Burkhart – And hopefully it will all come full circle, and that, in the big picture, is relatively new. And I think that eventually, it’ll come back around where people will realize that the guy that downloaded some internet program that generates noise and is putting it up on the internet is not the same as coming and seeing six people go and play an instrument together as a unit in a live setting and capture the energy. Even outside of the music, even the social aspect of it. Being able to come together with other people that are enjoying themselves, not sitting around a bar table drinking a martini, talking about what that person has on, you know. Actually coming out and just enjoying the music and everybody having a good time, and forgetting about that part. And I think it’ll come back around. I have strong faith in that, and I think that the musicianship will start coming back around too. Things like auto-tuner on vocals is coming out.

Carr – People turning into music nerds and that’s how they compete against each other, like being the most technical, or the best player, I like that kind of stuff. That kind of challenge, that kind of camaraderie about artists. And I’d like to see musical artists come back in the community like business owners are. Integrate themselves, and not just be music as a separate thing in the community. And in Fayetteville that’s an easy thing to accomplish, you’ve just got to get old people on your side. (laughs) Old people and college kids on your side! And let them know what you’re doing. Get the word out.

DM – What kind of things do you do to bring people out to your shows?

Carr – Promote, promote, promote. You’ve got to grab them. Give them a free CD or something.

Burkhart – Whatever you can. Facebook has been a positive in the regard.

Soller – All those same venues we complain about, we do it right along with them. We put up YouTube videos and hope people see that, and send out Facebook invites.

Burkhart – That’s the positive side of it. And you have to utilize that. You’ve kind of got to bring you’re A-game a little bit, because instead of being curious, you kind of hear about them, and you think, ‘Oh that band looks interesting, I want to go see them, or let’s look them up on YouTube,’ and if you don’t deliver there, they won’t come see you. But at the same time if you do, then they’ll be like, ‘Dude we need to check these guys out.’ And they’ll go tell their friends too. So it’s real hit-and-miss there. You just do everything you can, and everything you can afford. Try to do magazine interviews… (laughs)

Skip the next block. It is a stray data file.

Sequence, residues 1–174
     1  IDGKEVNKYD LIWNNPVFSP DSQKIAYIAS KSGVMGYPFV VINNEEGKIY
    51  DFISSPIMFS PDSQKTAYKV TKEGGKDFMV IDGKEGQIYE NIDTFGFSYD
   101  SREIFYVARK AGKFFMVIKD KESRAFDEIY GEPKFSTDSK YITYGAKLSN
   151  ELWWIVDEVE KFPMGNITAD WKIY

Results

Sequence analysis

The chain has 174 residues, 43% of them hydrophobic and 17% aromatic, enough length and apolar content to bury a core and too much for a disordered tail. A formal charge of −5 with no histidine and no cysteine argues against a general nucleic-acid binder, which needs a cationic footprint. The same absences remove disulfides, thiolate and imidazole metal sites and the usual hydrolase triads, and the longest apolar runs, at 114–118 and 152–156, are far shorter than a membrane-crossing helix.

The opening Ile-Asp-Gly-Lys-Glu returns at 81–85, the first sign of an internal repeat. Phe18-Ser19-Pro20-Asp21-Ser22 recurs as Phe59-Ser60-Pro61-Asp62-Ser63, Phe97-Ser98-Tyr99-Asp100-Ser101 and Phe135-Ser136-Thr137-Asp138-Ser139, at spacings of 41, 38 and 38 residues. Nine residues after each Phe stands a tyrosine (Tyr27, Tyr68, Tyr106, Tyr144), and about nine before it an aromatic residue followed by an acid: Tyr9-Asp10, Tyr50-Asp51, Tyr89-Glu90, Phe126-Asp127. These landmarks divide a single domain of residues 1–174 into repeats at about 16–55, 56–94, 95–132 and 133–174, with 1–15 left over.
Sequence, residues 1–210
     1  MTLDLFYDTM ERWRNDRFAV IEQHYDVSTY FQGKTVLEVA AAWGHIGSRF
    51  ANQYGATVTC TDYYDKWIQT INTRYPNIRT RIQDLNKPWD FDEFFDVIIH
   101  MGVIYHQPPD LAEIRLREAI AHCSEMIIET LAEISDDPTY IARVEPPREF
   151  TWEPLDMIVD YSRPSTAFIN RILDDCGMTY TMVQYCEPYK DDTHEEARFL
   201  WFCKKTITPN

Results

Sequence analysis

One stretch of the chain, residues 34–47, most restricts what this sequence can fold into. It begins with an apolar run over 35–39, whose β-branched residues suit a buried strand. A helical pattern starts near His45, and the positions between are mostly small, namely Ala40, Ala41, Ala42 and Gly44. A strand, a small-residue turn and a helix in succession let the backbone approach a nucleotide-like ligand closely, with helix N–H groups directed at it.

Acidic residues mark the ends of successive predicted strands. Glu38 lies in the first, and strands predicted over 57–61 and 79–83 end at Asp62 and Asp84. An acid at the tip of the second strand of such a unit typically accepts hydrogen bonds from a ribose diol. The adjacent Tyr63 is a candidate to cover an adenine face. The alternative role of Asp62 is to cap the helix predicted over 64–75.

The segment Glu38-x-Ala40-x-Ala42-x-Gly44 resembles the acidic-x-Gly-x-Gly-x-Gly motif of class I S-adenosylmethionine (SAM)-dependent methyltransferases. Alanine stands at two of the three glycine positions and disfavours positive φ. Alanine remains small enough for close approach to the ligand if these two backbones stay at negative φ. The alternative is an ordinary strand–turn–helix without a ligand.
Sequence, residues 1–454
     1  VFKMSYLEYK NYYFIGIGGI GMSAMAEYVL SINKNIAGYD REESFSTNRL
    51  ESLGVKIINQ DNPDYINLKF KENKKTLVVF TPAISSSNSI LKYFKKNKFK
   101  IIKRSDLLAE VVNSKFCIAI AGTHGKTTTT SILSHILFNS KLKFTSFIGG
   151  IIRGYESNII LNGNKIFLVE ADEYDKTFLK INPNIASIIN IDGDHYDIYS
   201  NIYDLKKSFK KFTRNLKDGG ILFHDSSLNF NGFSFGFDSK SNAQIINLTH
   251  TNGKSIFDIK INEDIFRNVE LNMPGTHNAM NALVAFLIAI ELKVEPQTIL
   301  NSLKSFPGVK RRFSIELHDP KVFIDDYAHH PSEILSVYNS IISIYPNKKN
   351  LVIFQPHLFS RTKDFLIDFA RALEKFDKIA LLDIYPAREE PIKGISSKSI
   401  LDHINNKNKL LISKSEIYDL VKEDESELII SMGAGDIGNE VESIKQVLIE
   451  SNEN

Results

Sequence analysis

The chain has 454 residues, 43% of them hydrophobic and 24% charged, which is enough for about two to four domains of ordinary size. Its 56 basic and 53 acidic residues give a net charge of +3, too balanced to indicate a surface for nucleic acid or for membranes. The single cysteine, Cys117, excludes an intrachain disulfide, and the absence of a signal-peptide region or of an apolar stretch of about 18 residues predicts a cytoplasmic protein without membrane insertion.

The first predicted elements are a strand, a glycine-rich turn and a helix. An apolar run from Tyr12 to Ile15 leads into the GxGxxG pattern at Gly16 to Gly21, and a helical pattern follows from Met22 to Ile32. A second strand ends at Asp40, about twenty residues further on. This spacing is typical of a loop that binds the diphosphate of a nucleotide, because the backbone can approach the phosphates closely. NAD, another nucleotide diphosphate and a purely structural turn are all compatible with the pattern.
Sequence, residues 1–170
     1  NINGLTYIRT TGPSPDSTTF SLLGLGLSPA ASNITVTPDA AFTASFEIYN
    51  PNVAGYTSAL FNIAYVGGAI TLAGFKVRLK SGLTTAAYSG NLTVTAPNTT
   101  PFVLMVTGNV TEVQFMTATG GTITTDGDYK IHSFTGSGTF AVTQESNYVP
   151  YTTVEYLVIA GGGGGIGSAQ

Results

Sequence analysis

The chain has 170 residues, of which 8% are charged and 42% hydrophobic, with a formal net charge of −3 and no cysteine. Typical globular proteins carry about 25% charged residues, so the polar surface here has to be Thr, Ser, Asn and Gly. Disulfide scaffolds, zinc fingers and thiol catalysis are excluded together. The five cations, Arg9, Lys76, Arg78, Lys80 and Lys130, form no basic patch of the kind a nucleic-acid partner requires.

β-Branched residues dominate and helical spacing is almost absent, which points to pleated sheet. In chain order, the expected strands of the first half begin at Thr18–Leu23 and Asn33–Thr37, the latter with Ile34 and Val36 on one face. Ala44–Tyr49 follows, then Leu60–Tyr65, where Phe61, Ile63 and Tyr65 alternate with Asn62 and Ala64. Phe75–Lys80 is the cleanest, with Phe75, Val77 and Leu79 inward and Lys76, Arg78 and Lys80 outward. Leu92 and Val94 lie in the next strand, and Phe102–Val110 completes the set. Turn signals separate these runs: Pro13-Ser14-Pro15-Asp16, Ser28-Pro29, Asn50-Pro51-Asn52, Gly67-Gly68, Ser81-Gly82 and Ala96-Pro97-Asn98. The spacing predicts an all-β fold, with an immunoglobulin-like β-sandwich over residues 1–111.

Carr – I sound like a billboard everywhere I go, just because I really want people to come and check us out. People will be like, ‘What you been up to?’ I’ll be like, ‘Man, I’ve got a band, come check me out.’ And they’ll be like, ‘No, I’m talking about you.’

Burkhart – The best way is to go out face to face, and like you said, word of mouth.

Carr – And if you can put something on their ears, that’s where, really, either people love you or they don’t. If you put something on somebody’s ears, and let them hear your music, you got them.

     With a mix of influences like James Brown, Ray Charles and Stevie Wonder, Groovment’s shows are definitely a party and a must-see for anyone who loves music. Catch them live at the Backwoods Bash Music Festival in Prue, Oklahoma at 1 pm, George’s Majestic Lounge on Dickson Street in Fayetteville, Arkansas on June 27 at 6 pm, and Webby D’s in Fortsmith, Arkansas on August 6 at 8 pm.

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Reproductions prohibited
Copyright 2011, all rights reserved
Photos property of Groovement, used by permission
Copyright 2011, all rights reserved.